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Southern Historical Society Papers, Volume 9. (ed. Reverend J. William Jones), Operations against Newbern in 1864. (search)
cted and placed upon cars, as it was to be shipped to Richmond, and every piece supplied with a sufficient quantity of ammunition. The horses were sent to the country to recruit, and after getting several miles in the country were ordered to Wilmington, but were to stop at Wilson, North Carolina, for further orders. After making all the necessary arrangements at Petersburg, I proceeded at once to Kinston, and finding the enemy had made no change, returned to Weldon, to give the shipment ofhat was to the front of Newbern, moved at once upon the Dover road, five miles from Kinston. On this night, General Barton, with his command, was fifteen miles from Kinston. Dearing was progressing finely, and General Martin was en route from Wilmington towards Morehead City. Colonel Wood, with his party, arrived at Kinston Saturday night, and proceeded down the river on Sunday. On Sunday morning, at 6 o'clock, I, with my brigade at the head of the column, proceeded on the Dover road, arres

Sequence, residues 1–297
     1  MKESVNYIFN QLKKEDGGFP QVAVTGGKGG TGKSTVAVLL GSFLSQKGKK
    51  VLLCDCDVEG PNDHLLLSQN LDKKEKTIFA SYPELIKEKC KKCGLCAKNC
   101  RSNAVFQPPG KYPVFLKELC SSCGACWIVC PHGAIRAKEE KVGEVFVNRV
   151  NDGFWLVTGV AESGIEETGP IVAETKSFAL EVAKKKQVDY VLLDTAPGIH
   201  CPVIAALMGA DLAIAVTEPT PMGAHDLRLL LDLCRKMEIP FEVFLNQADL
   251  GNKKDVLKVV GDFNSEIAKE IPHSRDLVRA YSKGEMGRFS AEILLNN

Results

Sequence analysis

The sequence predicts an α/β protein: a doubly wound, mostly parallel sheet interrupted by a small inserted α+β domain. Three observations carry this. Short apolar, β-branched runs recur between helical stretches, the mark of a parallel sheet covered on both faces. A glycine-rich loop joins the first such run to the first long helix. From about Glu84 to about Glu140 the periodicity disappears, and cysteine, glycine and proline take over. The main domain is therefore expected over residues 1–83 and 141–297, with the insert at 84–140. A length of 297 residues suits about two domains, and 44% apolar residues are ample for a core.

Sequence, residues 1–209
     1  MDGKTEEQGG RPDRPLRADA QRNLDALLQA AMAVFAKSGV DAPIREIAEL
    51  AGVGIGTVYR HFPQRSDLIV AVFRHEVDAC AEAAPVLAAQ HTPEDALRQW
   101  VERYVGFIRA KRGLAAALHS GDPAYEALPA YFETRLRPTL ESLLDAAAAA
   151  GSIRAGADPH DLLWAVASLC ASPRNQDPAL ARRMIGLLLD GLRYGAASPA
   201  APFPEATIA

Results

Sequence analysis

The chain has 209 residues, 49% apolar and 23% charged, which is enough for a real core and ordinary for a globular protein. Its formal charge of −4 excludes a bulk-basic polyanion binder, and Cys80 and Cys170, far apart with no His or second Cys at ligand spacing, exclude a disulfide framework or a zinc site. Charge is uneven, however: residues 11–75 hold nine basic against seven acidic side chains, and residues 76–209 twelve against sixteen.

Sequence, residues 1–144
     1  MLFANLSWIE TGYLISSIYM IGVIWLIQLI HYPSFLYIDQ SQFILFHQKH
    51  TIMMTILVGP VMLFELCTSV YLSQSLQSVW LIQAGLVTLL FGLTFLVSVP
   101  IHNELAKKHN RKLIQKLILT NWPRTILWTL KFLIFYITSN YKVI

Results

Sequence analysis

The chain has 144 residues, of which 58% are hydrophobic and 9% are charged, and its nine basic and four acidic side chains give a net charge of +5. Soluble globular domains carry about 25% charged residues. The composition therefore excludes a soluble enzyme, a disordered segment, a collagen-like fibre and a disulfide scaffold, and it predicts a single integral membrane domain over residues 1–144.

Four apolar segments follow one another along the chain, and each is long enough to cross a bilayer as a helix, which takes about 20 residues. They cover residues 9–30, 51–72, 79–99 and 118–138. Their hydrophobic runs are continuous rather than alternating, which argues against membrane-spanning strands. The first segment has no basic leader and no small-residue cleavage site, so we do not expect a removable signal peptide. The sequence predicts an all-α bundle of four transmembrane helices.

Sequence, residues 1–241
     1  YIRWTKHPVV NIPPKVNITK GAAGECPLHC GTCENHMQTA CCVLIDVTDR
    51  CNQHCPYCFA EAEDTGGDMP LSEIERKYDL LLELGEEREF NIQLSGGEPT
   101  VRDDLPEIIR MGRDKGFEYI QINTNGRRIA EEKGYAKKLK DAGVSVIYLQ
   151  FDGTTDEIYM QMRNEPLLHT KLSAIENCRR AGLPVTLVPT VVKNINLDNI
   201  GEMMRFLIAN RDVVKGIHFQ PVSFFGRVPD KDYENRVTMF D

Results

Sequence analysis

Southern Historical Society Papers, Volume 9. (ed. Reverend J. William Jones), Reminiscences of the army of Northern Virginia, or the boys in gray, as I saw them from Harper's Ferry in 1861 to Appomattox Court-house in 1865. (search)
ose raven locks and soldierly bearing even then attracted attention, and whose name had become famous when he fell in June, 1862, as Brigadier-General of cavalry, but gallantly leading an infantry charge. I saw here also Colonel J. E. B. Stuart, who afterwards became the idol of the army, Colonel E. Kirby Smith, who was to surrender, as General commanding, the trans-Mississippi Department, Major Whiting, who was to win his wreath and stars and imperishable glory for his brave defense of Wilmington, and a number of others who are not unknown to fame. General Johnston at once won the confidence and enthusiastic admiration of all the troops; but it required all of their love for him to bear with any patience his decision, that so far from being a stronghold, Harper's Ferry was a complete man-trap, and should be evacuated as soon as the machinery, &c., could be removed. On the 13th of June, Colonel A. P. Hill, with his own regiment and the Tenth Virginia, moved back to Winchester,